The track is fresh. You’re moving through the thick bush, as quickly and quietly as you can. Thorns catch on your uniform, a bird flushes close by, brief panic. And then, out of the dense foliage, a man lunges at you with a panga…
What happens next? The outcome will be decided by the desperation of the poacher, and the skill and training of the ranger chasing him.
It has been estimated that there are up to 680,000 firearms circulating in civilian hands across Kenya. A poacher can get his hands on an AK-47 for roughly $450, and earn up to $2500 for a dead elephant. The return on investment is huge. And the consequences of being caught may be worth killing to avoid.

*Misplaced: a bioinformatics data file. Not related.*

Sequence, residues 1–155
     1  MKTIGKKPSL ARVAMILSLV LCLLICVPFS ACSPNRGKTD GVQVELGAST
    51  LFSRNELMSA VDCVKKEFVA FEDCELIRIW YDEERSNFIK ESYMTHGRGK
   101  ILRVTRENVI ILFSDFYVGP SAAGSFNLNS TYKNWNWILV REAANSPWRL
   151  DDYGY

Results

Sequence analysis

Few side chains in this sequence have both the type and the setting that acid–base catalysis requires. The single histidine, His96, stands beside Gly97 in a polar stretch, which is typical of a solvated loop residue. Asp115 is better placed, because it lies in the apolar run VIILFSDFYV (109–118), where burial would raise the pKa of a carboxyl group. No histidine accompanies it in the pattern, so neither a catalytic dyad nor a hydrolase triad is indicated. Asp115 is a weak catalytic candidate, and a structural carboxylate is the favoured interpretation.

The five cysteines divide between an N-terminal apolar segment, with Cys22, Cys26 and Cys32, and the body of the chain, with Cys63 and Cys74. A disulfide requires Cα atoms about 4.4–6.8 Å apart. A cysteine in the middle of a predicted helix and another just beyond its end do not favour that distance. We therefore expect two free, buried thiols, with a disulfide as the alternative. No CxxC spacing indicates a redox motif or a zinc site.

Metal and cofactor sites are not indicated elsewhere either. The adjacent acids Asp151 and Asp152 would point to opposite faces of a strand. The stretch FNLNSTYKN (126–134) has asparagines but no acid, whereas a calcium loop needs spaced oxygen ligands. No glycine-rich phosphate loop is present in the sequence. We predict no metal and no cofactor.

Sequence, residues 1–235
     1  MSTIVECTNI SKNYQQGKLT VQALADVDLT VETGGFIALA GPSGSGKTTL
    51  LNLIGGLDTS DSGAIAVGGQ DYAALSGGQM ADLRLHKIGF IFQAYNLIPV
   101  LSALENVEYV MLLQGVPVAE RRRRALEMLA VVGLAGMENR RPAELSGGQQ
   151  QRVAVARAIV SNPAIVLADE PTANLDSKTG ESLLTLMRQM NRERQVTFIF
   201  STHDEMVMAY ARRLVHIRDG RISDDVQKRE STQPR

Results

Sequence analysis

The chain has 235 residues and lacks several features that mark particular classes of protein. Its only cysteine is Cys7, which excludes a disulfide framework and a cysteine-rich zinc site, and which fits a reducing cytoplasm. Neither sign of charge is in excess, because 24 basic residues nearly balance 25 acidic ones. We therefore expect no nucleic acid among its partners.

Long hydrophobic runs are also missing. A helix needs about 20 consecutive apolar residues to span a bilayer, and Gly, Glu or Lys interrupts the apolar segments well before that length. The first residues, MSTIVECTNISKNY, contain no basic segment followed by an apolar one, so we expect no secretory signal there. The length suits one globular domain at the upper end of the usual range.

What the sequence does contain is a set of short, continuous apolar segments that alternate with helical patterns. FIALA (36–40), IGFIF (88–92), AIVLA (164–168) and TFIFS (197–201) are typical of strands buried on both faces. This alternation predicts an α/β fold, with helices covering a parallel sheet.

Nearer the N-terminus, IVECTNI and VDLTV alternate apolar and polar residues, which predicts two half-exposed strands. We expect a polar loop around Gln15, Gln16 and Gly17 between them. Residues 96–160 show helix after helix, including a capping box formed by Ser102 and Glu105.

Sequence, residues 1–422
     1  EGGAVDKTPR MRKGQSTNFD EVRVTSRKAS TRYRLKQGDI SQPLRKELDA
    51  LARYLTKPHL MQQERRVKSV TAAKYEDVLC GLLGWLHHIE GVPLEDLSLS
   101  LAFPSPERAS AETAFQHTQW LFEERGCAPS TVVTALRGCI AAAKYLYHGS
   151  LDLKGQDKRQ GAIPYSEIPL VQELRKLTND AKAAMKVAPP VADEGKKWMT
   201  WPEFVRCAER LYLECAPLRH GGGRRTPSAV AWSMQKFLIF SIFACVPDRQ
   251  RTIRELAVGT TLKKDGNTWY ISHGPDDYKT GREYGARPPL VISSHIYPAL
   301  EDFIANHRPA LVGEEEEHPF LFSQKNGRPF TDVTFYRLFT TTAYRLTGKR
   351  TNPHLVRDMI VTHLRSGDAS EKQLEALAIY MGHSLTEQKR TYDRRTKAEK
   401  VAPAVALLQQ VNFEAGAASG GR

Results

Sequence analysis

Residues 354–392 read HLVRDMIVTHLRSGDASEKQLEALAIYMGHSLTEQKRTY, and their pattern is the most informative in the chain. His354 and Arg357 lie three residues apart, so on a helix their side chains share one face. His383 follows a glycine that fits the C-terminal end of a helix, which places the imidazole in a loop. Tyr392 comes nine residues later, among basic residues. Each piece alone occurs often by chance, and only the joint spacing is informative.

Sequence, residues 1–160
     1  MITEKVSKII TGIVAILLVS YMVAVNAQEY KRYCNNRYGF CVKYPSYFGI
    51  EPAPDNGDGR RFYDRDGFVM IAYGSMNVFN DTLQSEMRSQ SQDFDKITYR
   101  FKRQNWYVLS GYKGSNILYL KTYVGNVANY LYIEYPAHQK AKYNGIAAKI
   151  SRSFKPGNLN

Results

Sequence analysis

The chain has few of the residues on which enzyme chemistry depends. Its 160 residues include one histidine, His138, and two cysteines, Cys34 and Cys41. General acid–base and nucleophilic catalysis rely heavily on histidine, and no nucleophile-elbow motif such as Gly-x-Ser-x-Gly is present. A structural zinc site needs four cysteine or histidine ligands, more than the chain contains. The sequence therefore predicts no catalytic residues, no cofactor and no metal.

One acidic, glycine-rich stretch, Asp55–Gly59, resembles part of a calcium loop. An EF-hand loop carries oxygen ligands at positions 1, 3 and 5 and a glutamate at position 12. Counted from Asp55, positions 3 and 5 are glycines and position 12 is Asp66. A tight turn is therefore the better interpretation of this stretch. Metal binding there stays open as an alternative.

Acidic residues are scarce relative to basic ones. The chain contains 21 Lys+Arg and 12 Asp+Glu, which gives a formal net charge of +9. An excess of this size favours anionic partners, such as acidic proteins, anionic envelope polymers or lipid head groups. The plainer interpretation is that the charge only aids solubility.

This is not a game, but a war. And our rangers need to be fighting with the upper hand. Through support from The Thin Green Line Foundation, and the African Wildlife Foundation, right now we have 30 Big Life rangers sweating their way through the first of four 1-month long training courses.
The daily program is action-packed with discipline drills and lessons around strategy. The end result will be teams of fitter, more knowledgeable, and better-prepared rangers.
On average about 100 rangers die each year protecting wildlife across the planet, that’s almost one life lost every three days. Through this training, we hope to decrease the chances that one of our Big Life rangers will ever add to this statistic…
Jeremy Goss, Big Life Kenya